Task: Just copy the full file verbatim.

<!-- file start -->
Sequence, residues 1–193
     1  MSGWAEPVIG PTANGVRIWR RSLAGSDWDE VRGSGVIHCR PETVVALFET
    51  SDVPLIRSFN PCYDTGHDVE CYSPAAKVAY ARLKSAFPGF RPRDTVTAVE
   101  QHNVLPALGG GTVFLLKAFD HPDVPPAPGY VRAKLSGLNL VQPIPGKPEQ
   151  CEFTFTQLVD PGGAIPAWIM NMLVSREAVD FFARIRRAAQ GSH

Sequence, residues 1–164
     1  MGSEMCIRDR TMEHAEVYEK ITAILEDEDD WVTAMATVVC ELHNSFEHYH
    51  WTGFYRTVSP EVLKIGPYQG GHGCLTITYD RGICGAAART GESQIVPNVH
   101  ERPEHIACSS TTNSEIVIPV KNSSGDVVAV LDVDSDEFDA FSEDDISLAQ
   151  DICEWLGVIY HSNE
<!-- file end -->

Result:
Sequence, residues 1–193
     1  MSGWAEPVIG PTANGVRIWR RSLAGSDWDE VRGSGVIHCR PETVVALFET
    51  SDVPLIRSFN PCYDTGHDVE CYSPAAKVAY ARLKSAFPGF RPRDTVTAVE
   101  QHNVLPALGG GTVFLLKAFD HPDVPPAPGY VRAKLSGLNL VQPIPGKPEQ
   151  CEFTFTQLVD PGGAIPAWIM NMLVSREAVD FFARIRRAAQ GSH

Sequence, residues 1–164
     1  MGSEMCIRDR TMEHAEVYEK ITAILEDEDD WVTAMATVVC ELHNSFEHYH
    51  WTGFYRTVSP EVLKIGPYQG GHGCLTITYD RGICGAAART GESQIVPNVH
   101  ERPEHIACSS TTNSEIVIPV KNSSGDVVAV LDVDSDEFDA FSEDDISLAQ
   151  DICEWLGVIY HSNE